The Kickback’s debut, Sorry All Over The Place (Jullian Records), is an invigorating 10-song collection that fuses ‘60s bubblegum sentimentality with modern indie rock’s quirky confessionals and wiry musicality.
The album also represents vocalist/guitarist Billy Yost’s seven-year odyssey, as he shifted from being a small town songwriter living with his parents to writing music on his own terms, putting together an acclaimed band, and earning the respect of one of his primary influences.
The story begins in 2009 when Billy, a recent college graduate, decided to leave his rural South Dakota home and move to Chicago. “I was terrified about making the move,” Billy confides. “I loved where I grew up. I spent a lot of time there writing songs for this record, and figuring out what I had to offer. But I needed a bigger pool of musicians who I had things in common with musically.”
The Kickback have released a clutch of EPs and singles and have garnered praise from Rolling Stone, esteemed tastemaker Jim DeRogatis (Sound Opinions, SPIN, Chicago Sun Times), You Ain’t No Picasso, the Chicago Tribune, among many other outlets. The Chicago-based quartet has built a robust and respected live profile through incendiary gigs and tours with artists such as White Rabbits, Smith Westerns, Here We Go Magic, Tapes ‘n Tapes, and Telekinesis.
The band furthered their reach and appeal with their podcast DISASTOUR, which, with barbed wit, self-deprecating candor, and warmth, peels back the shiny veneer of the rock n’ roll life, revealing the humor and struggles of what it means to be a contemporary musician. Since 2010, the group has aired over 100 episodes of the popular series.
The Kickback, composed of Billy Yost (vocals, guitar), Eamonn Donnelly (bass), Jonny Ifergan (guitar), and Ryan Farnham (drums), is influenced by a broad array of irreverent, cerebral, and sometimes outlandish, cultural references. They cite Hunter S. Thompson, post-post-modernism, an inflated sense of self-importance, large families, David Foster Wallace, The Wire, big sounds and then quiet sounds, David Lynch, harmonies, Michael Keaton, and entitlement, as their conceptual inspirations.
Upon arriving in Chicago, Billy assembled the band through Craigslist ads, weathering a series of changes until the band solidified with the current lineup. Despite Billy’s status as the founding member and primary songwriter, The Kickback is a truly collaborative effort built around each member’s artistic vision.
A milestone moment came when the band, with humor and bravado, sent their demos to Jim Eno from Spoon (one of Billy’s primary modern artistic inspirations). Jim responded favorably and got in touch with the band. “I remember I was standing in a friend’s kitchen when I got his message,” Billy recalls, laughing. “I called him and I was breathing so heavy, and I talked at him for 10 minutes about every song he’s done. He mercifully let me finish my diatribe before asking about my music.”
To record Sorry All Over The Place, the four-piece decamped to Jim Eno’s studio, Public Hi-Fi, in Austin, Texas. “We spent three weeks sleeping body to body to body to body. It was like trauma bonding,” Billy says laughing good- naturedly. “We bonded together through making a lot of sacrifices, working hard, and navigating everyone’s feelings to make something we all feel really good about.”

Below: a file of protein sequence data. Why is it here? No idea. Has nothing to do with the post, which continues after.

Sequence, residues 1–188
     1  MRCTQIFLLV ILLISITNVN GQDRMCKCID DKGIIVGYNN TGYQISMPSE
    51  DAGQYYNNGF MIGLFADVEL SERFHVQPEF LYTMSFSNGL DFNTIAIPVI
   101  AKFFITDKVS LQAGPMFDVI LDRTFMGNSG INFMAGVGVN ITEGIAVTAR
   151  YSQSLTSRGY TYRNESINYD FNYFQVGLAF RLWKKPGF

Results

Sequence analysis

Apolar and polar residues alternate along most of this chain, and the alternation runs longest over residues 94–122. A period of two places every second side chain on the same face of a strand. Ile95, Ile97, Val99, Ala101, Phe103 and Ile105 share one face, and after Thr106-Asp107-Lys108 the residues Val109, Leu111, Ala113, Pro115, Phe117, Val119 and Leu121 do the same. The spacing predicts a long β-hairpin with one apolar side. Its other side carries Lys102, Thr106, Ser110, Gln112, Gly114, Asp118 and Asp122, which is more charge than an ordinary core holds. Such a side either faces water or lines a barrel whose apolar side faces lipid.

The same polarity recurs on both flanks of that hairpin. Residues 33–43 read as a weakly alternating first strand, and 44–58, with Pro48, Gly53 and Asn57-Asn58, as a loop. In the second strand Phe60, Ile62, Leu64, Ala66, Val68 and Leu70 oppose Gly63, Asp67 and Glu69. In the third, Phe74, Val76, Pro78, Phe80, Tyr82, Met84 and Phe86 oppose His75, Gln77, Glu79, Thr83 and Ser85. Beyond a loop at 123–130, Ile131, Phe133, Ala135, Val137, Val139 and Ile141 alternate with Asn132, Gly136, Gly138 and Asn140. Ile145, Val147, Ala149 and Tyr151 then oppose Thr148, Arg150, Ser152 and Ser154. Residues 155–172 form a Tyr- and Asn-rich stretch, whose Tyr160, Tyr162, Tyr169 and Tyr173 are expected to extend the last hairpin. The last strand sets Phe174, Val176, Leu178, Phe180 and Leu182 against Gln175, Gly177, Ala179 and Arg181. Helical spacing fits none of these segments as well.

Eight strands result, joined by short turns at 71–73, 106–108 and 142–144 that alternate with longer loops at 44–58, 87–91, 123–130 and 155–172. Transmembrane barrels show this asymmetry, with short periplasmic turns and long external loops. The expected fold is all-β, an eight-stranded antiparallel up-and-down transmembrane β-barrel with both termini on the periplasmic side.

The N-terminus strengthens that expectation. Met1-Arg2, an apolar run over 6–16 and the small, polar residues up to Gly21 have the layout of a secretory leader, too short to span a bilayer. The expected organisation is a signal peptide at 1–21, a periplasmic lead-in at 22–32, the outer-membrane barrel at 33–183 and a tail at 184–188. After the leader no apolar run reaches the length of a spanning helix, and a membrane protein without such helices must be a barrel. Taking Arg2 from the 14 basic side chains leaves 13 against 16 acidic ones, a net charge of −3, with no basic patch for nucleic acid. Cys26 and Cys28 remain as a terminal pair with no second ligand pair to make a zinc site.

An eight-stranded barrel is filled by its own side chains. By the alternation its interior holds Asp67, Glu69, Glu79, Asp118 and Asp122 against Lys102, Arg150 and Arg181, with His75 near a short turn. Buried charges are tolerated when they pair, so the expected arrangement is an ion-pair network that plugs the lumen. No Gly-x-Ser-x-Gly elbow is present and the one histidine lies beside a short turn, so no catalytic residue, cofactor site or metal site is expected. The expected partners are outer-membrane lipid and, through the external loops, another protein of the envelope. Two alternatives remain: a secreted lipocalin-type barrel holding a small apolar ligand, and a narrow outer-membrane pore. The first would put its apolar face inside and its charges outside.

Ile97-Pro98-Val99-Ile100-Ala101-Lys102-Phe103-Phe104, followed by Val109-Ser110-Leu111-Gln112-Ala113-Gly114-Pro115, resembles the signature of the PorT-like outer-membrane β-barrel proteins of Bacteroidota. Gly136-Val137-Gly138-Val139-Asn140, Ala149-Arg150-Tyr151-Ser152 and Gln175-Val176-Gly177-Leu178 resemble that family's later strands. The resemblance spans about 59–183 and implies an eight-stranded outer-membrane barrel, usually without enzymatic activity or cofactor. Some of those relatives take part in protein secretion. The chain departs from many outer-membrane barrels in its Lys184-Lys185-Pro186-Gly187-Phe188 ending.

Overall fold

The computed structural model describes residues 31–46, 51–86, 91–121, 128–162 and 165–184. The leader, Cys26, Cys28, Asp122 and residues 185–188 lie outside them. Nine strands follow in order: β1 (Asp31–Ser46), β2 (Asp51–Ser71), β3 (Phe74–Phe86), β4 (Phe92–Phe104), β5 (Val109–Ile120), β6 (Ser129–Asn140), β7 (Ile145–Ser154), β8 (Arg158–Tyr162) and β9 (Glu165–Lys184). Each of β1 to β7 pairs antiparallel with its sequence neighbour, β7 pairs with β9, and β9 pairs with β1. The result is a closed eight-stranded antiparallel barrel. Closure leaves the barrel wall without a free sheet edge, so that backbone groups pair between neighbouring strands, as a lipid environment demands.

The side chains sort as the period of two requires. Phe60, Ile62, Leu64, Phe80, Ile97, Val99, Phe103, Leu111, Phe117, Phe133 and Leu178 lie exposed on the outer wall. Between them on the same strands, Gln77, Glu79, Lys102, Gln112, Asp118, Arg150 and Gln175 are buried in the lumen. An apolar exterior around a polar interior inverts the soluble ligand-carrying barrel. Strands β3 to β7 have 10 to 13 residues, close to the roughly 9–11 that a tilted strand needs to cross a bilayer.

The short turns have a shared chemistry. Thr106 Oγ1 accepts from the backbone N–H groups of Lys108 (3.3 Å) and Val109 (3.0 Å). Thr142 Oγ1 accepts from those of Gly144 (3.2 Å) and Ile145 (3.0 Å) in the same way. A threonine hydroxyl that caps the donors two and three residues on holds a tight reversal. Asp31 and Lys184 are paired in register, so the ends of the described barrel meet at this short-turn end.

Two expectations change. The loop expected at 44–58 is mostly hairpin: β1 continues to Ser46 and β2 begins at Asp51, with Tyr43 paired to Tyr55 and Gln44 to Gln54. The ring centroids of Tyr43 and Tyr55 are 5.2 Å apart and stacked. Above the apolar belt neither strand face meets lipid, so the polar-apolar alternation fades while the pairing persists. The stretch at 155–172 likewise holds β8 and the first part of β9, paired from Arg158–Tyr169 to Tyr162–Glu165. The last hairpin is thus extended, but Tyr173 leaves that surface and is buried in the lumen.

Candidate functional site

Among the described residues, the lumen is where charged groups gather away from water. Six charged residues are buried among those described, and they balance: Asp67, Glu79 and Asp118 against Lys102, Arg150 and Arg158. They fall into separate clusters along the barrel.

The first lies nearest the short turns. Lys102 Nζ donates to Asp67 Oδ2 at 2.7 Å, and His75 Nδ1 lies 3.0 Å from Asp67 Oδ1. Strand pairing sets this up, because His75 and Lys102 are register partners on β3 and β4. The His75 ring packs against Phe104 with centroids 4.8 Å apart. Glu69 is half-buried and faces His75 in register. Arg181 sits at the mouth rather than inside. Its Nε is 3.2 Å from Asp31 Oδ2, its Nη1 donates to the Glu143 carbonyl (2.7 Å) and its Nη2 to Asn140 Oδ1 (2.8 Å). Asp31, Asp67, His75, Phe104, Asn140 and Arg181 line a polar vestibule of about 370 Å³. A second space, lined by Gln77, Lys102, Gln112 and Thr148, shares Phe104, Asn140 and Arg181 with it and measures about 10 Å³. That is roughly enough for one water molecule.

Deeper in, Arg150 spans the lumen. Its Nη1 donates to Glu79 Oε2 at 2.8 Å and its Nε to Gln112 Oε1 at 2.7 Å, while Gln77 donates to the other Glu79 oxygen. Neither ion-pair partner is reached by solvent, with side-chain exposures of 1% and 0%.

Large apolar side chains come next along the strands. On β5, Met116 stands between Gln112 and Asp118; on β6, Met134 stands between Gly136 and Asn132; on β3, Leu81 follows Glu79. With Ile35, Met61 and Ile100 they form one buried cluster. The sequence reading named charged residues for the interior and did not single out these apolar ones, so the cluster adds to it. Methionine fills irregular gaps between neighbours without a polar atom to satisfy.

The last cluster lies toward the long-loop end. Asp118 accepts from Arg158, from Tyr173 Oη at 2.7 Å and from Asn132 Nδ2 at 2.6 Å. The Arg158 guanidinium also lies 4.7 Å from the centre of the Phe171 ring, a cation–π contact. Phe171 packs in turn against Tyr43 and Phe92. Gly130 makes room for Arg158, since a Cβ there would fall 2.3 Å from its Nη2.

The Kickback’s debut album is named after a fictional footnote in David Foster Wallace’s Infinite Jest. In a similar spirit to Wallace’s multi-layered literary tour de force (which includes 388 endnotes), Sorry All Over The Place is rife with a fascinating array of references and revelations. “I like the idea of contrasts. Like with David Letterman you had a late night personality that seemed unhappy to be there, or with the Muppets—they can warm your heart as puppets or terrify a child as monsters,” Billy explains.
It’s this infatuation with juxtaposition, beamed through the lens of Billy’s life, that makes the album both comforting and disquieting. “The rule I make for myself is that the more disconcerting a song is, the more upbeat and dancey it should be,” Billy says.
“Scorched Earth Brouhaha” lops along with catchy, propulsive guitar riffs and balmy power-pop passages. It recalls a summer when Billy returned home from college to work at a summer camp, and his parents ended up getting a divorce at the same time. The dreamy “When I Die” is a torch song for the megalomaniac terrified of death, who even in his fearful obsessions seeks to control everything. Here Billy sings, Without me there, you just live a life decayed/Press and fold all my clothes but don’t give them away/I’m coming back someday just to spite my enemies.
The new-wavey “Sting’s Teacher Years” sonically alludes to The Police and Sting’s former life as a teacher, while more directly citing Billy’s prior path as a college graduate with a teacher’s degree confronting the next era of his life. “It’s a scary time after you graduate and it took me a long time to learn ‘normal people’ adult things,” Billy says candidly.
The song epitomizes the band’s journey from South Dakota to the driven days in Chicago. “I’m really grateful for how everything has turned out. I’ve never felt stronger about a batch of songs I’ve written. We felt so strongly about sharing this music that we were going to hand out albums on street corners. I’m glad it didn’t come to that,” Billy says laughing.